The Washington Socialist <> February 2017
By Harry Baker
Donald Trump's decision to tap ExxonMobil CEO Rex Tillerson for Secretary of State has upset a lot of people. So far his candidacy has faced some semblance of opposition from the Senate, even from Trump's own party. There is a lot to criticize. His ties to Vladimir Putin are most offensive to the establishment, compounded by the daily revelations linking Trump's campaign to the Russians. It's certainly interesting that a man whose company lost billions of dollars due to sanctions against Russia will be responsible for renegotiating them. Tillerson, and Trump himself, may very well be compromised Russian assets, or at least useful idiots—but it's been surreal watching this be the issue that drives our political elite hysterical. I can understand why Cold Warriors like Sens. John McCain and Lindsay Graham would be wary, but Tillerson's self-admitted crimes against humanity pale in comparison to any supposed treason.
My one consolation is that Tillerson, unlike many others in the GOP, actually believes in Global Climate Change. He was actually ahead of the game compared to most liberals, since Exxon discovered the effect of fossil fuels on the planet a few months before it became common knowledge. This man, who is about to become one of the most powerful people on Earth, made his fortune slow-roasting the planet with full knowledge of the consequences.
For almost a century now Russia has been painted as the existential threat to the United States, and the institution of democracy itself. People have difficulty seeing how anything can be worse than Russian meddling in our elections. People need to have a little more imagination. Individuals like Tillerson are far greater threats to humanity than the likes of Putin. Short of nuclear war, Global Climate Change is the only truly existential threat the human race faces, but you wouldn't know it from the way it's discussed. Most Americans understand that they can survive the sea levels rising a few feet and temperatures getting a little bit hotter. The misperception is that the devastation of climate change in the West--if it happens—is going to look like Mad Max, when in fact it's going to look like Children of Men: the refugee crisis brought on by climate change will bring down civilization long before our planet turns to desert.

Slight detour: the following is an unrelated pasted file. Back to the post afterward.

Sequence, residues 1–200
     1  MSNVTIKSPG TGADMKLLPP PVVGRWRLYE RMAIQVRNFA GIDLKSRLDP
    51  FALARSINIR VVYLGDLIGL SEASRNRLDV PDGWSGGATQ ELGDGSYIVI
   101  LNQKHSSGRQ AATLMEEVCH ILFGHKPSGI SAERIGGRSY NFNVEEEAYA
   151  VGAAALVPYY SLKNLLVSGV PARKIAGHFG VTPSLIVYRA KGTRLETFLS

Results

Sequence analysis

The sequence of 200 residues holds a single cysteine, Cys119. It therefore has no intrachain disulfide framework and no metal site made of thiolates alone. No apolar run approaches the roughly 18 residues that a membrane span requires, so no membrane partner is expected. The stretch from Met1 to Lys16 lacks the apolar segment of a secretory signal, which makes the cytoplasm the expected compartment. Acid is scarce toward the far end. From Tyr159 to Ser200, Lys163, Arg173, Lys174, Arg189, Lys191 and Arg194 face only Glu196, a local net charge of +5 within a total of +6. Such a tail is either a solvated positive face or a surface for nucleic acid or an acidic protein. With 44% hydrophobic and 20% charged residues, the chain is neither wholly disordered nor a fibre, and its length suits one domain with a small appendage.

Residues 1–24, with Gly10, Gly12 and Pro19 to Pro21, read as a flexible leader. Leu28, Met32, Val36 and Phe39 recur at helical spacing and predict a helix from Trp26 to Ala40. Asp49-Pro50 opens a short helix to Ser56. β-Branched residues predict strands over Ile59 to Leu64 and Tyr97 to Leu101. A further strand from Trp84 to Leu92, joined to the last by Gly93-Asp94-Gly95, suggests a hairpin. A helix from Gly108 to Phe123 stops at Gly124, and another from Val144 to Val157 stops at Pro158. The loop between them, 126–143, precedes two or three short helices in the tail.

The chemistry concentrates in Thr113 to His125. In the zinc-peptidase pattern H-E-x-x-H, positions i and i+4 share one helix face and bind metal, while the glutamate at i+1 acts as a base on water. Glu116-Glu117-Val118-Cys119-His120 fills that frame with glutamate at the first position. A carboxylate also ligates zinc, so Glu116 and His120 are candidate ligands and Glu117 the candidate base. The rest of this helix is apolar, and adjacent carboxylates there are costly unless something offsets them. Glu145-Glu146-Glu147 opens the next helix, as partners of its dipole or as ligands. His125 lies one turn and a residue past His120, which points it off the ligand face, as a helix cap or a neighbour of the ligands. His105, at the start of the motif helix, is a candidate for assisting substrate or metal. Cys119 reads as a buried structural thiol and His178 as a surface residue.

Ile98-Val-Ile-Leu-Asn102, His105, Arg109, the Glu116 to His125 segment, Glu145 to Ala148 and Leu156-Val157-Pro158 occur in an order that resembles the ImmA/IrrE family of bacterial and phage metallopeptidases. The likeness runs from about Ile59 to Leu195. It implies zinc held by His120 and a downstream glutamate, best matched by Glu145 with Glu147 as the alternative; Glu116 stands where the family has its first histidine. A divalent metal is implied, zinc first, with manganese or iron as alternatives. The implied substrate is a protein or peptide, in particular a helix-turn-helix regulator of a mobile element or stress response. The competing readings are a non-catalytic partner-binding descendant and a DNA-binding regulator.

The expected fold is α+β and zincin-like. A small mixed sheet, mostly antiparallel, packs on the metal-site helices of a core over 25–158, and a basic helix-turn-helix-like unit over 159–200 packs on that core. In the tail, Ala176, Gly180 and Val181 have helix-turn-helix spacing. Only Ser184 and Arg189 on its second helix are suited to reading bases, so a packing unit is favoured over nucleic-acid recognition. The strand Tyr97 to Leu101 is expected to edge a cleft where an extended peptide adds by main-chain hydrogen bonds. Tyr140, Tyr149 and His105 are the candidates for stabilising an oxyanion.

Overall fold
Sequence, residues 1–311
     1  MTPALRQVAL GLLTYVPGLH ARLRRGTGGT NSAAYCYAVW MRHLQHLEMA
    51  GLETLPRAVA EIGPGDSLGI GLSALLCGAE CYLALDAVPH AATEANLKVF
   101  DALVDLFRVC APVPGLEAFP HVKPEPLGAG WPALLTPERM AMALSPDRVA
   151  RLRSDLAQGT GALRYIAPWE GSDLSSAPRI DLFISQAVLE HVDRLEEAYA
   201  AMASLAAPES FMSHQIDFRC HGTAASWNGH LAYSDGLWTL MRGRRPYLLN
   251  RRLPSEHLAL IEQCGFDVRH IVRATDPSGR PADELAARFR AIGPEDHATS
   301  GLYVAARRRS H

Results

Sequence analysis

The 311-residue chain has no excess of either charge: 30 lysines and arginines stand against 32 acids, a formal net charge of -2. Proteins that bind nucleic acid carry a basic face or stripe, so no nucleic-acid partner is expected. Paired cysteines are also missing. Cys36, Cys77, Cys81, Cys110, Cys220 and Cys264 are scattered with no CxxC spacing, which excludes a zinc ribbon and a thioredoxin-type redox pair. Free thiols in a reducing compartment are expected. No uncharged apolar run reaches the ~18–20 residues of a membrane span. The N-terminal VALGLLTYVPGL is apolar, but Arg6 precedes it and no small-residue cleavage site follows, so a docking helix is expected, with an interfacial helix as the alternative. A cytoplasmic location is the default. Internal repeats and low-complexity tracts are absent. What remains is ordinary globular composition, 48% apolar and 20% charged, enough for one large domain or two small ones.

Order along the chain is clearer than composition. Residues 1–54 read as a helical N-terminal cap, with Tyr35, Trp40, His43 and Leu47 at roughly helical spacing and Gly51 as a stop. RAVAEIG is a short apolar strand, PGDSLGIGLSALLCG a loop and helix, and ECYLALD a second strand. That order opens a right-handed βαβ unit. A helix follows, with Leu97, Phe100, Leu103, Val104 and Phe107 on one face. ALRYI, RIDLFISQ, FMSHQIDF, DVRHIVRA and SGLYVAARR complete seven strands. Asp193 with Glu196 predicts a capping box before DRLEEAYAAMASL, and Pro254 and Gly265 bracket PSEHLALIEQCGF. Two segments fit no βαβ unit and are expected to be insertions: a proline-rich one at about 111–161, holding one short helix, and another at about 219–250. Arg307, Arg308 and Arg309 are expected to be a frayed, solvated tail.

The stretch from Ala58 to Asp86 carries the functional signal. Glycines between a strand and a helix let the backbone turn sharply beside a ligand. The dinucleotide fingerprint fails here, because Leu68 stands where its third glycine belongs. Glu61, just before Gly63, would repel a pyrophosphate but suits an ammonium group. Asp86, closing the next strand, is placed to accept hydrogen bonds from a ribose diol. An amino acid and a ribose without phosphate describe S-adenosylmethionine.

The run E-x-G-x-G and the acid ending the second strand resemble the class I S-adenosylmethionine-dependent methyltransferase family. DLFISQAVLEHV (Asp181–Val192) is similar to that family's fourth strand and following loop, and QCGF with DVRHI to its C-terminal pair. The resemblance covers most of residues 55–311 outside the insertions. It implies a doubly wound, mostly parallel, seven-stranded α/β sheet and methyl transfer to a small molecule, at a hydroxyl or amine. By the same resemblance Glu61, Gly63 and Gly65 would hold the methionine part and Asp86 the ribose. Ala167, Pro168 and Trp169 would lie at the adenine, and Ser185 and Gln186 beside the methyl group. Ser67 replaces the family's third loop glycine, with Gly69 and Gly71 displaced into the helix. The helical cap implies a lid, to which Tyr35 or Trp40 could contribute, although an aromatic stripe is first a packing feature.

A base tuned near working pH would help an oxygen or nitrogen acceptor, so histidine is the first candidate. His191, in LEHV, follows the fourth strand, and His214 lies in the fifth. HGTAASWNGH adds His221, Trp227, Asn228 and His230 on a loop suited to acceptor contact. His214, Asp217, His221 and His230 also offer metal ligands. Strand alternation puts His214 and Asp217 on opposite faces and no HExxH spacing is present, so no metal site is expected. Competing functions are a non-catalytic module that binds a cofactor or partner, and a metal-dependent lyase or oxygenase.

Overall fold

It's true: most of the world can survive the temperature creeping up a few degrees. That's not the case for the millions of people living in the Middle East, where temperatures are increasing at twice the global average. These people are going to need to go somewhere when their homes become literally uninhabitable. Europe's refugee problem today pales in comparison to what lies ahead, and far-right nativist groups are already threatening to destroy the post-war liberal order. I don't even want to think about what politics are going to look like in the coming decades, but we must prepare for them. Denying these refugees sanctuary will amount to genocide. Liberal democracy, if it survives Trump's social policies, will not be able to survive his environmental ones.
We need to start treating the fight against climate change like the war that it is. We need to be marching by the thousands in protest and organizing general strikes, as if it were the Vietnam War, because this is a war, and the Rex Tillersons of the world are winning. Every day we sit idly by we cede ground we will never regain. We need to bring home the severity of the crisis we're facing as a species. We should be rationing energy and resources as if we were fighting the Nazis. This crisis cannot be treated like a business opportunity, as some national Democrats like to say. We need to commit to fully transitioning to sustainable energy even if it is unprofitable. As a nation, we need to treat green energy technology like it was part of the defense industry. I'm not sure how many solar panels you could build with what a single F-35 costs, but if we're going to get out of this without blood on our hands we need to understand the fight in these terms. The last time our country tried to stop a genocide of this scale, in the 1940s, the top tax rates were 90%. Today’s capitalism is simply not prepared to solve the upcoming crisis we've made for ourselves – especially considering capitalism is what caused it.
At a certain point it's not simply about reining in the excesses of the oil industry, it's about examining the values that allowed and encouraged people to let this happen. The free market will not save us. Anything less than total mobilization will not be enough. We are most likely past the point of “solving” climate change, but we can at least hope to mitigate and prepare for the disasters to come.
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